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Does Your Facial Scrub Harm Marine Life?

Health + Wellness
Does Your Facial Scrub Harm Marine Life?

Microplastics ingested by marine worms are transferring toxic chemicals into their systems, having destructive consequences for ocean biodiversity, a new study has found.

A study published Dec. 2 in the journal Current Biology is the latest to warn of the ecological hazards of tiny grains of plastic known as microplastics, millions of tons of which pollute streams and oceans.

Microplastics are suspected to come from several sources. One is plastic beads used in facial scrubs or cosmetics. Microplastics also come from the breakdown of larger plastic materials, such as shopping bags, or the shedding of synthetic fibers from textiles by clothes washing.

The abundance and global distribution of microplastics in the oceans has steadily increased over the last few decades with rising plastic consumption worldwide. The study found that microplastics are threatening lugworms that comprise around 32 percent of the biomass along a shore.

When so-called "eco-engineer" lugworms consume microplastics, they absorb toxic chemicals that disrupt the worms' biological functions. It becomes difficult for the worms to eat organic matter such as silt, which in turn "changes the whole assemblage of animals that live around it," the study found.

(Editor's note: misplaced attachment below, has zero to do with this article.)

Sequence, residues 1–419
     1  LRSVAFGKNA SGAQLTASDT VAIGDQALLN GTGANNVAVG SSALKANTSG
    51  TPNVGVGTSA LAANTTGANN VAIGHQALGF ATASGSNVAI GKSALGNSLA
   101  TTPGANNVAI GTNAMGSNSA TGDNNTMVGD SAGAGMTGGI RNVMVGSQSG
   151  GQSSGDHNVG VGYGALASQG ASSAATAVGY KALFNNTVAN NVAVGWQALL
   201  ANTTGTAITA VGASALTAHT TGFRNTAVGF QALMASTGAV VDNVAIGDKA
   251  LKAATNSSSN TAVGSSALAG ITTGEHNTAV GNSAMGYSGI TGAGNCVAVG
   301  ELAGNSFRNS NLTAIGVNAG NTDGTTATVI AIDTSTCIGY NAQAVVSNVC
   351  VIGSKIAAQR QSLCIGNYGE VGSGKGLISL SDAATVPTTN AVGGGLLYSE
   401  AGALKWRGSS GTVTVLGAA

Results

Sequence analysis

"We are losing a large volume of plastic and we know it is going into the environment and the assumption being made by policymakers is that this material is nonhazardous, it has got the same ranking as scraps of food," Mark Browne, an ecologist from the U.S.-based National Center for Ecological Analysis and Synthesis, told the BBC.

Though microplastics are the most plentiful type of solid-waste pollution on earth, they are not considered hazardous under U.S. law.

Marine life other than lugworms also consume these microplastics, which absorbs chemical pollutants such as antimicrobials including triclosan and dyes. Pollutants from microplastics were found to accumulate at higher concentrations in the lugworms' intestines than pollutants from sand.

"For more than 40 years the bit that the scientists and policymakers didn't have was whether these particles of plastic can actually transfer chemicals into wildlife and damage the health of the organism and its ability to sustain biodiversity," Browne said. " That's what we really nailed with the study."

Visit EcoWatch’s HEALTH page for more related news on this topic.

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